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Harrison Squared by Daryl Gregory
Cover Artist: Allen Williams
Review by Ernest Lilley
Tor Books Hardcover  ISBN/ITEM#: 9780765376954
Date: 24 March 2015 List Price $25.99 Amazon US / Amazon UK

Links: Author's Website / Show Official Info /

My father was a fisherman
My mother was a fisherman's friend,
and I was born amid the boredom
and the Lovecratian horror.

Of course Paul Simon's Duncan (1) doesn't go quite like that, but if it was about the residents of the creepy New England town Daryl Gregory brings to life, though life seems too strong a word for the residents, so let's go with being, the song might very well might have.

Also by Daryl Gregory:
* Pandemonium
* The Devil's Alphabet
* Raising Stony Mayhall
* Harrison Squared
* We Are All Completely Fine
Daryl Gregory Interview:
Daryl Gregory on Afterparty, We Are All Completely Fine, and Harrison Squared

Sixteen-year-old Harrison Harrison, H2 or Harrison Squared to his marine biologist mother, isn't a New Englander, but after four days of travel in a pickup with four large marine animal tracking buoys in the back and his mom at the wheel, he finds himself in the town that time forgot: Dunnsmouth, MA. Harrison knows that his mom is obsessed with finding a big sea creature, and that she can drop sync on practical daily matters, which is why he insisted on coming along. What he doesn't know is that this isn't just any weird New England town; it's the one his father, mother, and he set sail from when he was an infant on what should have been a three hour trip. A three hour trip.

Letís stop right there for a minute. Okay, "three hour trip" is clearly a nod to Gilligan's Island(2, and that's funny in a pop culture sort of way. Daryl Gregory knows pop culture quite well, in fact he's created more than a bit of it with contributions to comics and manga with Dracula and Planet of the Apes titles, and this book is aimed squarely at a teen audience. Daryl called it 'Cthulhu for Kids'. in a Locus interview. His biggest challenge may have been keeping it from being so scary that it wouldn't keep a "parent (from) picking up a book and thinking it's too scary for their kids."(3)

It is scary. Harrison's mom disappears after another boating accident and the mythical Scrimshander bogeyman, who does intricate carvings on his victims bones, turns out to be not so mythical. And that doesn't even get to the chuthianesque bits. At times, it's almost too scary for adults, and there are some who would otherwise enjoy it that I can't recommend it to. Still, I don't think it's too scary for teens. The teen protagonists quip their way through crises with just enough humor to keep the book from sinking into unrelenting grimness, and besides, kids don't believe horror is actually real if they've only seen it in books and movies. Adults don't have the necessary innocence to disbelieve it.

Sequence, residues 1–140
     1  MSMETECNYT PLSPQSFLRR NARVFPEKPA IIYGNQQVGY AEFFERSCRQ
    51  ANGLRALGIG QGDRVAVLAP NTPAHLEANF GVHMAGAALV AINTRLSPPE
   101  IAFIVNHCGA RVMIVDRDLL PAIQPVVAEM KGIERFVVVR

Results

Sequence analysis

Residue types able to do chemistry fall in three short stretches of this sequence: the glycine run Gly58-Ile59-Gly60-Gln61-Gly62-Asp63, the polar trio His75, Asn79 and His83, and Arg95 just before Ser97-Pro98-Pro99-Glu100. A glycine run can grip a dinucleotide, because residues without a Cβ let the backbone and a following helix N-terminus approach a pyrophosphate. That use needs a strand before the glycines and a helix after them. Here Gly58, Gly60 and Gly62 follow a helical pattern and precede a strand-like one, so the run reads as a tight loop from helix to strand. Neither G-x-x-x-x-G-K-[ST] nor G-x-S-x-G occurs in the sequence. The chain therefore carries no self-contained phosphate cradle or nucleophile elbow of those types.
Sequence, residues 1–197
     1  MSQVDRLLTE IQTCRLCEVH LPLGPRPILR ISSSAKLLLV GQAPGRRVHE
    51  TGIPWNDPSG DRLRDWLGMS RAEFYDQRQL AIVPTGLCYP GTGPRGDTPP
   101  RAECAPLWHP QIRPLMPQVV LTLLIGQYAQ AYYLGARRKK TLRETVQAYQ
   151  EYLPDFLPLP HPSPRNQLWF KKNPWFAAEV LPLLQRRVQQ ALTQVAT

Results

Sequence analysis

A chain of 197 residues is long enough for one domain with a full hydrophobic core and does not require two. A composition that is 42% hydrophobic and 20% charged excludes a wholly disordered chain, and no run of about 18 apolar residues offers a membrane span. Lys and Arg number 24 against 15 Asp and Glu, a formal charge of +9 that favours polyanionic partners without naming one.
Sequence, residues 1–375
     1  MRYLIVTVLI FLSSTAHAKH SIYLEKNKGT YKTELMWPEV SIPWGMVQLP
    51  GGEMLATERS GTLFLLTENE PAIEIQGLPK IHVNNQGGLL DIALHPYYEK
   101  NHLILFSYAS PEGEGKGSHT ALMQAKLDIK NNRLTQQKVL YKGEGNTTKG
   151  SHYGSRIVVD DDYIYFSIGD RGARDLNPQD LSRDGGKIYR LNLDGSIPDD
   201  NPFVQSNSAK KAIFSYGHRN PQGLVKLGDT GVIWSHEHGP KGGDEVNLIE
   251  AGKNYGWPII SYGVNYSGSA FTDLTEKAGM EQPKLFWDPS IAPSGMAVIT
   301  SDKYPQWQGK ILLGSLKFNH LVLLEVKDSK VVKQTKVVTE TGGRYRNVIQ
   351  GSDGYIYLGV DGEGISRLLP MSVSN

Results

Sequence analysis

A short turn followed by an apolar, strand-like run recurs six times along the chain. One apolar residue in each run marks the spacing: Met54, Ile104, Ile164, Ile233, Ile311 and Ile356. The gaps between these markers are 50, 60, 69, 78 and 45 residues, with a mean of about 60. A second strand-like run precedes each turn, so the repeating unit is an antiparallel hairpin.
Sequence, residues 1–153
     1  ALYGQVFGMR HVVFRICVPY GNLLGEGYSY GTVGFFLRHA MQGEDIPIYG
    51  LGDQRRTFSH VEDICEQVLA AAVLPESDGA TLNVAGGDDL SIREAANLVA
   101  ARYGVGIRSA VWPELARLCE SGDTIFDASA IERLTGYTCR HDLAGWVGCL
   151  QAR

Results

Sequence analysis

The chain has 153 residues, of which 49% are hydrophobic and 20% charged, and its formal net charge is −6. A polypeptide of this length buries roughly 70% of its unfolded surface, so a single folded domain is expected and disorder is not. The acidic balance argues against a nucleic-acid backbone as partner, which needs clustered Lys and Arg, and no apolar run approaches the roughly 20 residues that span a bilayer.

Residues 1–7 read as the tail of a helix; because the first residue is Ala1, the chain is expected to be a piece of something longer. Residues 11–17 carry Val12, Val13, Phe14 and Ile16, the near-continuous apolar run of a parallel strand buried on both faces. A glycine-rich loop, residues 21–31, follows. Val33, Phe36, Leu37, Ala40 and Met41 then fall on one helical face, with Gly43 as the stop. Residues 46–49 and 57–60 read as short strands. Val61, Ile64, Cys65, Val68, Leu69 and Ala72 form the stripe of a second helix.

Back in the book, Harrison is certain that his memory of the accident that took his father is a fantasy built from mundane events; the ship capsizes, his leg gets caught on the boat, his father drowns. But while he may doubt his memory of a sea monster grabbing him, his father tearing him free...and then being taken by its tentacles, we the readers aren't so skeptical.

Dunnsmouth is a dump. They don't have cable, there's no cell signal, and they definitely don't have fun. When Harrison gets dropped off to school, he asks what his schedule is, a question that has no meaning with a junior class small enough that everyone has the same schedule. Still, the teacher in his first class, Practical Skills (or more accurately, how to tie knots in nets) gives Harrison the best piece of advice (short of "get out of town now") he'll get in the entire book. Follow Lydia.

Lydia Palwick is a dour dark haired girl that doesn't seem to like the idea of being followed around, surrounded by her other townees who have all the affect of extras from the Children of the Damned(4) but as time goes on, and bad things happen, Harrison discovers it's not the children he has to worry about, in fact under their grim exteriors, there's a resistance movement going on.

With Harrison's mother missing, his self absorbed Aunt zooms in from Manhattan to do an imitation of a responsible adult. Self absorbed works perfectly for Harrison, who needs to be able to sneak out and scour the town for clues as to the whereabouts of his mother, who he knows is still alive thanks to a note left by another unlikely ally, the boy Lub, who gets mentioned in the author's Novella, We are All Completely Fine.† Lydia and her friends may be on the strange side, but Lub is a whole 'nother level of different, and threatens to steal the scene whenever he's around.

It's a race against time, taken at a plodding pace, as Harrison and his friends try to find his mother before whatever arcane ritual the townsfolk have planned comes to pass. It's a pretty great book, all told.

If you've read We're all Completely Fine(5), which takes place years later and features Harrison Harrison and others touched by the same supernatural horrors in a therapy group, you know a few plot points, but not so much that it will get in your way. What you don't know until the end is that this is only the beginning, but what a very good beginning it is.

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